Somehow I wound up on the website of the Christian Apologetics and Research Ministry (CARM). Since the website has a section on atheism, I decided to take a look. I found problems in the very first article I read, “What Is Atheism?”
The Definition of Atheism
I’ll begin with something positive. Unlike virtually every other Christian apologist I have read, Slick seems to be willing to engage his opponents on their own terms. He accepts the idea that there are both strong and weak varieties of atheism. Corresponding to these two varieties of atheists, Slick says that atheists typically hold one of two positions about God and evidence. The first position says the evidence for God’s existence isn’t sufficient. The second position says that the evidence points against God’s existence.
Arguments for Atheism
It’s unfortunate that Slick’s only example of an argument used to support the second position is is a rather weak version of the argument from evil; he evinces no awareness of the work of atheistic philosophers of religion (see here). For my part, drawing upon the work of Purdue University philosopher Paul Draper, I’ve defended a cumulative case for naturalism (and so atheism) here.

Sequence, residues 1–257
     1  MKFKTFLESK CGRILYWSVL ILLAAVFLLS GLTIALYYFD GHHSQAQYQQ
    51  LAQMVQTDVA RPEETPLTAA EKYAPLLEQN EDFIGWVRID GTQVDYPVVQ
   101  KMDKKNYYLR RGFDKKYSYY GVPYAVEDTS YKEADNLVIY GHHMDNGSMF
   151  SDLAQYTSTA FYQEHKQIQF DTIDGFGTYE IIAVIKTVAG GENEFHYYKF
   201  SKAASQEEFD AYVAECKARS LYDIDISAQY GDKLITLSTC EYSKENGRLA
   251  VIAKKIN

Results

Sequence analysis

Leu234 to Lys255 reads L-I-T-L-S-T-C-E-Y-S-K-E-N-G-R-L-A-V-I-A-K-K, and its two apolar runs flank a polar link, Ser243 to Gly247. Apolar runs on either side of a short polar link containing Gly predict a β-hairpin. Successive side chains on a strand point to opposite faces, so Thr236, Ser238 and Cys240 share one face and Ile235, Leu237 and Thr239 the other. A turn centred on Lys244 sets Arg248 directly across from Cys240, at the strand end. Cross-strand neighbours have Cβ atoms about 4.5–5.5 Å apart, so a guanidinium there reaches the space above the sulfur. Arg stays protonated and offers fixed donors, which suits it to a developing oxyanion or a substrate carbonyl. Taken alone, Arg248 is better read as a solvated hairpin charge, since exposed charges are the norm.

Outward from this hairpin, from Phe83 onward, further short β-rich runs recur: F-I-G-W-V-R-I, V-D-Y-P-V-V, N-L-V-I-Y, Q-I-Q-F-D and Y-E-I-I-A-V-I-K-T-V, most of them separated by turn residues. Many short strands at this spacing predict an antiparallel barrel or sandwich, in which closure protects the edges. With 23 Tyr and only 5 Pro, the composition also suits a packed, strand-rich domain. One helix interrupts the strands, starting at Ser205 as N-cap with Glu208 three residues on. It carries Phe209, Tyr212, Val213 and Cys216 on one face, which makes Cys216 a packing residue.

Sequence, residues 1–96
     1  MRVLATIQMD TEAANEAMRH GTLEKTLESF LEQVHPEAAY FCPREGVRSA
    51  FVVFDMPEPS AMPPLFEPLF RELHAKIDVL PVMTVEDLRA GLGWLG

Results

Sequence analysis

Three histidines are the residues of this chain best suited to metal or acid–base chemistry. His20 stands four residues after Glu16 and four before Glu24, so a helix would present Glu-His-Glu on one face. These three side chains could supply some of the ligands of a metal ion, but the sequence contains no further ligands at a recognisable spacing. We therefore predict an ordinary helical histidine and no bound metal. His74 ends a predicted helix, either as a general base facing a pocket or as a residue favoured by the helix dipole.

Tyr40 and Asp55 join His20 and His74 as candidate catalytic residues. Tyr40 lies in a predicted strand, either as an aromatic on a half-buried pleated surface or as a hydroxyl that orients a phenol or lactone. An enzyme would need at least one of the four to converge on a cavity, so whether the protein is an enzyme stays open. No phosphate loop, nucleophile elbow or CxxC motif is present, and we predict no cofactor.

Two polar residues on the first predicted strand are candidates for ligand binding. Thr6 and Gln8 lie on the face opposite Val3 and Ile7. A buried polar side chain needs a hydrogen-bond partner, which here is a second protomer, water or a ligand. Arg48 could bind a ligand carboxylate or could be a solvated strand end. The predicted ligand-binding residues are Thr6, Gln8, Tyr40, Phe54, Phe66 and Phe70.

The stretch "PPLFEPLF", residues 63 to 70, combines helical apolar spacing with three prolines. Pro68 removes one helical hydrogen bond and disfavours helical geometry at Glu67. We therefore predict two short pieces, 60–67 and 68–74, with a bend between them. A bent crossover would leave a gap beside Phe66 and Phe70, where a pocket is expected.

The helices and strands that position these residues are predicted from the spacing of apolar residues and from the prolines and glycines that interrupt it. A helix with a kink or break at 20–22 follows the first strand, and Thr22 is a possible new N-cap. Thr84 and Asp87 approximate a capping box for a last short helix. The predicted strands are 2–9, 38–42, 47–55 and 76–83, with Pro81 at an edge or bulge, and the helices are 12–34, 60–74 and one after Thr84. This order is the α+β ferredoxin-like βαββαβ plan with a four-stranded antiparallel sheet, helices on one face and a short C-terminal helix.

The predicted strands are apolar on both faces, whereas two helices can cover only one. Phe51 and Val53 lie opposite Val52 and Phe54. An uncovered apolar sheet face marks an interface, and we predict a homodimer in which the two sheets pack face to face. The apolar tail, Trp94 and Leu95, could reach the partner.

Atheism and MoralityIn the final section of his article, Slick gives a list of eight alleged ‘tenets of atheism.’ Two of his tenets (#1 and #4) are logical implications of strong atheism, as Slick defines it. Three of his tenets (#2, #3, #7) are more properly associated with naturalism, while the final three remaining tenets (#5, #6, and #8) are more properly associated with materialism. While atheism, naturalism, and materialism are all related, they are not identical (see here). But let that pass.
The major problem with this section is #8 on his list, the claim that atheists “tend to adopt” the tenet that “Ethics and morals are relative.” In fairness to Slick, many atheists are guilty of this mistake also. But, as I’ve explained many times before, atheism is neither a metaethical nor an ethical theory. By itself, atheism does not make it obligatory, permitted, or forbidden to do anything. See, for example, here, here, and here.
Slick wraps up his article by promising “very good answers” to atheistic criticisms in his “coming papers.” We shall see.